Enter the cloud. A more exciting possibility for financial services-specific applications such as credit risk analysis and high-performance computing. For many, the adoption of public cloud is the only solution available that can effectively manage over-the-counter derivatives, and collaterals across exchange traded derivatives, which can lead to cost savings of up to tens of millions of Euros per year. Unfortunately, we have yet to see many large banks do this effectively. For large banks, there is still a culture of keeping infrastructure in-house, though this has evolved from running proprietary applications and software on bespoke hardware in proprietary datacenters, to running third party software on virtualized infrastructure within a dedicated area in a third party data centre.
Cloud adoption can also allow small to medium-sized banks the opportunity to thrive by granting them access to scalable computing resources without the need for significant capex outlays. What does this mean? By allowing retail arms to be more efficient and effective, they will be able to feed direct value back into the economy. A win win for everyone.
Tackling the cloud: the approach
Based on internal infrastructure, business approach and capabilities, small to medium-sized banks are typically more open to embracing the public cloud. On the flip side, larger banks tend to be more proprietary and look to build their own private cloud environment in an in-house or third-party data centre.
Over the last few years, many banks have subsequently adopted a hybrid approach to the cloud, allowing for greater control of sensitive data while still enjoying some of the benefits of cloud computing. Under this model, the public cloud is most often office automation elements such as email, whereas core banking applications themselves are housed within dedicated private clouds built in third-party data centres.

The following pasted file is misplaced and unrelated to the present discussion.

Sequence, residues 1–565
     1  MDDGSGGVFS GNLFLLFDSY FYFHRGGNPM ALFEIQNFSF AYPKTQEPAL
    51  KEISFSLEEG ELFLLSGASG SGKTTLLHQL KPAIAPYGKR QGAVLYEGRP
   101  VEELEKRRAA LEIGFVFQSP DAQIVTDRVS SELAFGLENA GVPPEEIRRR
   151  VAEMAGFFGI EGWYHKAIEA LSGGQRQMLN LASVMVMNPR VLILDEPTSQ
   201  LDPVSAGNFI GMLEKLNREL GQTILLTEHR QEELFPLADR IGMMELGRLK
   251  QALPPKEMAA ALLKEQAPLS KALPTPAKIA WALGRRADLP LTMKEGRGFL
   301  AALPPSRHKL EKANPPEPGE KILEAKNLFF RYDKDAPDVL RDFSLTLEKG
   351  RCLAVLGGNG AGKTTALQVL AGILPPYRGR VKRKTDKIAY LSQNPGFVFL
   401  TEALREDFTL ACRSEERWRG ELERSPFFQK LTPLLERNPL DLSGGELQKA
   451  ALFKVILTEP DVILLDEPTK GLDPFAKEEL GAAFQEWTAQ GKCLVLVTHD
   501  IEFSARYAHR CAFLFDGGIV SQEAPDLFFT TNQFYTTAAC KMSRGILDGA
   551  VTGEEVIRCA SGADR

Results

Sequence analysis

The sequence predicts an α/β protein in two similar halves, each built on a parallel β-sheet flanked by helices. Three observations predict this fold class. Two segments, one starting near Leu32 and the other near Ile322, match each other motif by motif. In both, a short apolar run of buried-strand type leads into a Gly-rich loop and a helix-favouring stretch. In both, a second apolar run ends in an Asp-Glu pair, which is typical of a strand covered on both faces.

Choosing a data centre: the influence on migration
Choice of data centres will be critical for banks looking to build a private cloud in a hosted environment as the hybrid cloud approach becomes more and more popular. A top priority and concern is security – financial institutions naturally have the very highest security standards which any outsourced service must be able to match. Additional factors include:
- Density of power: A virtualised environment requires lots of processors running in parallel, rendering power consumption very high. The cost savings that can be leveraged from the cloud has much to do with the power density of a bank’s chosen data centre.
- Connectivity and range of locations: A provider with a choice of data centre locations close to financial centres can help banks overcome data sovereignty concerns, enabling them to have infrastructure located in various geographies. Additionally, administration savings can be seen by combining data centres in different jurisdictions under a single service level agreement.
- Carrier neutrality: It is preferable for data centres to not be owned by carriers or systems integrators who themselves have a vested interest in cloud services. Neutrality can ensure that banks operate with unbundled services choosing whichever connectivity and hardware environment is appropriate for their own, individual private cloud.
Moving forward: a new cloud-driven environment
As financial institutions look to navigate an increasingly competitive and regulated environment, it is encouraging to see regulators such as DNB taking responsible steps towards promoting cloud migration in the banking ecosystem. For banks looking to build private clouds, choice in a data centre provider is key to ensuring a successful migration to the cloud.